FARMINGTON NM–Robert Pritchard’s dream from childhood was to become a writer. He wrote something like ten novels over twenty years, plus dozens of short stories. He submitted them to many publishers and agents, without luck.
“A few short stories were published in obscure venues, for like ten or twenty dollars” he said. “They were all either magazines that were brand new, and so no one more established was submitting to them yet, or ones that were on the verge of going out of business, which they usually did immediately after my story appeared.”
So when he was thirty-three he decided to hang it up. Sick of earning minimum wage in low status jobs, he decided to go back to school. He became a nurse and stopped submitting fiction. But he didn’t completely stop writing.
“I still had a few ideas for novels I wanted to write,” he said. “I figured I’d write them just to get them out of my system, but I had no expectation that they would sell.” In the very hot Las Vegas summer of 2016, before starting work at a psychiatric hospital, he hammered out a historical science fiction novel set across Europe, Asia, and an assortment of fantastical planets. In the subsequent years, he wrote four more novels. “I found that not feeling obliged to submit anything really freed me up,” he said. “I kept getting ideas for more novels, and I was really enjoying writing them, so I kept doing it.”
Guess what happened next? Nothing. Nobody called him. No story of his that had been sitting in somebody’s slush pile for years was suddenly published and won a major award. No Hollywood studio optioned anything. His novels, which he’d self-published on Amazon, didn’t sell a single copy. Five years after deciding to quit writing, his lifetime earnings have remained stubbornly less than $300, most of which came from his single sale to an SFWA “professional” market (which immediately went out of business) over ten years ago.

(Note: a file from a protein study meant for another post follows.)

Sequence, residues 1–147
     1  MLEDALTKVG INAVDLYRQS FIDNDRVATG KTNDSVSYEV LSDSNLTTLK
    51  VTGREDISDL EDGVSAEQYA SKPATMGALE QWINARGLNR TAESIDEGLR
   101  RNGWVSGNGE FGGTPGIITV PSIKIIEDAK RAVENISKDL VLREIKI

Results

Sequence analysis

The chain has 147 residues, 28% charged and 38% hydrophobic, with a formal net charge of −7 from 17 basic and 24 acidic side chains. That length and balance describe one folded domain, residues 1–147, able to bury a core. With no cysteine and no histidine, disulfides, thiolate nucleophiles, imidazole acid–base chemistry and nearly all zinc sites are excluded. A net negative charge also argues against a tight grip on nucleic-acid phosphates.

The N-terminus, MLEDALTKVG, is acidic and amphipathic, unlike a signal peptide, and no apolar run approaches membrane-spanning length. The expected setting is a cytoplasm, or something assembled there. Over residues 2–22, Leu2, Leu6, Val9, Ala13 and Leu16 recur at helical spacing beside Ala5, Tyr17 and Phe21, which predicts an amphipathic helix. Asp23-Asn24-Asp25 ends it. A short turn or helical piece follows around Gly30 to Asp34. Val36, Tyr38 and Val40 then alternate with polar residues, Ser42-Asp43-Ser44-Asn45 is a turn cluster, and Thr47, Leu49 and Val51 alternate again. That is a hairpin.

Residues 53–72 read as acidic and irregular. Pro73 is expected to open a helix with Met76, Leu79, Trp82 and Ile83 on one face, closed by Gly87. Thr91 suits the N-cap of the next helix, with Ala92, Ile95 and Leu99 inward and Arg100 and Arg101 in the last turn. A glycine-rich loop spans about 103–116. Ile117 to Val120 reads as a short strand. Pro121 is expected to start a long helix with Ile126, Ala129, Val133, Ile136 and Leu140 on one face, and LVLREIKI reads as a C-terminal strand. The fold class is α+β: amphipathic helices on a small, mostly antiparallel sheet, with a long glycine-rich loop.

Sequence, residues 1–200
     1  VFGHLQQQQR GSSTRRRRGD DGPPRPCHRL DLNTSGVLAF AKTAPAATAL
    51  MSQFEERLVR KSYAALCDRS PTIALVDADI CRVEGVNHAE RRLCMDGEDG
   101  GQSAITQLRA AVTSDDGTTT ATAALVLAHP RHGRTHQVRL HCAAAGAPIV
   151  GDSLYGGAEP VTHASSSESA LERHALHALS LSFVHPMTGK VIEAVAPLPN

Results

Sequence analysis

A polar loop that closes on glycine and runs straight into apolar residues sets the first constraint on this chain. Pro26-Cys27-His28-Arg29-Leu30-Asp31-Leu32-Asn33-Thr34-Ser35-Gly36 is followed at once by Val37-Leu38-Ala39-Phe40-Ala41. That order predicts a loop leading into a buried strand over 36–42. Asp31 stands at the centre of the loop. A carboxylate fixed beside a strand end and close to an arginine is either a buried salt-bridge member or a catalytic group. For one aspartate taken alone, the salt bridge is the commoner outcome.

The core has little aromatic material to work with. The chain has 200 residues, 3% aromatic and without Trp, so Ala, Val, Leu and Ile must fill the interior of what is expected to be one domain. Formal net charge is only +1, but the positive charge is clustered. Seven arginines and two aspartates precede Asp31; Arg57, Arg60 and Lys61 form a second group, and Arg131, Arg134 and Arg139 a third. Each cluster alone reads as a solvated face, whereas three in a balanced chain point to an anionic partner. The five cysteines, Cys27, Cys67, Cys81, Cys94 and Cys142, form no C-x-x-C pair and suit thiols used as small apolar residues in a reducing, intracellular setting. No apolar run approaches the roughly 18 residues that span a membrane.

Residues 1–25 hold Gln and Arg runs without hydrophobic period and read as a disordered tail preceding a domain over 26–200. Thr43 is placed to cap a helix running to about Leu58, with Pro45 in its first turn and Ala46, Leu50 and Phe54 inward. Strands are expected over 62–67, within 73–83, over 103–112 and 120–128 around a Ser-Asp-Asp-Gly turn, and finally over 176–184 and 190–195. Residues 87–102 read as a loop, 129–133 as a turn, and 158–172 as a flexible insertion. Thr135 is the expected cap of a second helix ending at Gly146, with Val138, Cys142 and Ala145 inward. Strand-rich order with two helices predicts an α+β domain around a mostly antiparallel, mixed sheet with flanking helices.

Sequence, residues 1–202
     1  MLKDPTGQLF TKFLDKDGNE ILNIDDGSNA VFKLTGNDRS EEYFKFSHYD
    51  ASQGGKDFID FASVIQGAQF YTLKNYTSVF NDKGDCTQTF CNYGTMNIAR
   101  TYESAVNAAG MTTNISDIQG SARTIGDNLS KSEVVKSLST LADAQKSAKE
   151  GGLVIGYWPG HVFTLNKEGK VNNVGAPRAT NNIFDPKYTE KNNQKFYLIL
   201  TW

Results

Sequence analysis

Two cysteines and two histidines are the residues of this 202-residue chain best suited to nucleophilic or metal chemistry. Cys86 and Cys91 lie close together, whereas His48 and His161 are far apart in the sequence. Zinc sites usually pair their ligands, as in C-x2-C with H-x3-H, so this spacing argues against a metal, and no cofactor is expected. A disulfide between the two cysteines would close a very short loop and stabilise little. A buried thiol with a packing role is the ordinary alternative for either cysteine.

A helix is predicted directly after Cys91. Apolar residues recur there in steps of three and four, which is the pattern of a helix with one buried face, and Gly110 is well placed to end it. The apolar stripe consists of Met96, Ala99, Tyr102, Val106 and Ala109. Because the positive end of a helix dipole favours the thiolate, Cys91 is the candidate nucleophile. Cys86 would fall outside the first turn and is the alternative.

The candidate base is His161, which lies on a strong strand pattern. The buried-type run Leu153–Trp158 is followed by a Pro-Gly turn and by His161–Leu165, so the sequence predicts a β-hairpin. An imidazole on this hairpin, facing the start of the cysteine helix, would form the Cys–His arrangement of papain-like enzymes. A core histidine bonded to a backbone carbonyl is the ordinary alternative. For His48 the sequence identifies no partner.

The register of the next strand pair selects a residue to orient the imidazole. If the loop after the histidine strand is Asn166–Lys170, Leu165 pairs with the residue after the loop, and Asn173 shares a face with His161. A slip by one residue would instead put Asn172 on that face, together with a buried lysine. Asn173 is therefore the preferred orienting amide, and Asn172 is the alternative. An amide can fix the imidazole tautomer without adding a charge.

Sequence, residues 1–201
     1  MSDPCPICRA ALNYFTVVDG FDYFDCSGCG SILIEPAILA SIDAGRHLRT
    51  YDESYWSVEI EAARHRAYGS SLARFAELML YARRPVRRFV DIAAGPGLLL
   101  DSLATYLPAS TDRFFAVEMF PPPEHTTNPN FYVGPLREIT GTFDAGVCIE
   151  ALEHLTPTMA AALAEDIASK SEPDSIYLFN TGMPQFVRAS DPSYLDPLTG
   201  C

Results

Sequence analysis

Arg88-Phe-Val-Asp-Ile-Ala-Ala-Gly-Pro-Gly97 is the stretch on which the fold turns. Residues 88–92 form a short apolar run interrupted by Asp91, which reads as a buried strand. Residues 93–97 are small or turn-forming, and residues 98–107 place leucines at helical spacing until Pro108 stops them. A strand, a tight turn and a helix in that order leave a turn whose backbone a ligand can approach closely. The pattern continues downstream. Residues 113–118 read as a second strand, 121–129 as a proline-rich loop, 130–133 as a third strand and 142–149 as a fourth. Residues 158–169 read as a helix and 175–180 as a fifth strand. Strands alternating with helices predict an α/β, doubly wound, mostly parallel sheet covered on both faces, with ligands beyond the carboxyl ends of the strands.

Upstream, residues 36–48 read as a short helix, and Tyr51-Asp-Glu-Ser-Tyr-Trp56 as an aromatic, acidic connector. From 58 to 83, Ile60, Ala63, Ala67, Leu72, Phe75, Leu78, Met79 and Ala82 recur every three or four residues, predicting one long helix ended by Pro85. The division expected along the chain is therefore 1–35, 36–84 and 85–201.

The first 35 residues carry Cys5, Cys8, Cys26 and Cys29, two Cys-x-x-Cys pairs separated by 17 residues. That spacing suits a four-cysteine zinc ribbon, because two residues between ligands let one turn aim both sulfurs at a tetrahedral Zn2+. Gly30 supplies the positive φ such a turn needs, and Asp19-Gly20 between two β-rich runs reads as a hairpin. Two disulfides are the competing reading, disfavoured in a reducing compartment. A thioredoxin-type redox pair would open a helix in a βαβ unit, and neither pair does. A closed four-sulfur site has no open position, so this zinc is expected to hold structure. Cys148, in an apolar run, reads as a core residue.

Pritchard’s story is a particularly dramatic example of a lack of a lucky break, though of course lack of luck had nothing to do with it. Unless he had spent years getting experience honing his craft with his early novels that didn’t sell, he never could have written those later novels which also didn’t sell.
“I thought I was done with the publishing business,” he said, sipping a Coke in his extremely modest rented room in a dirtbag town in northern New Mexico. Adding, “And it turned out I was right.”
Cf. Turning Pages: The Rewards of Persistance https://www.smh.com.au/entertainment/books/turning-pages-the-rewards-of-perseverance-20190725-p52al8.html. In De Natura Deorum, Cicero recounts an anecdote of Diagoras who, seeing the many testimonials from sailors who being caught in storms, prayed to this or that god and were saved, and asked, “Where are the testimonials from the sailors who prayed and died?” He is alerting us to the problem of silent evidence. The testimonials to the power of prayer seem convincing but are really meaningless unless we can include also those from the prayerful dead, who might have a different view of its power. Likewise, there are many articles published about writers who, after years of struggle, were finally blessed with good fortune. These are articles about something that happened. Many fewer are the articles about nothing happening, though these are essential for understanding.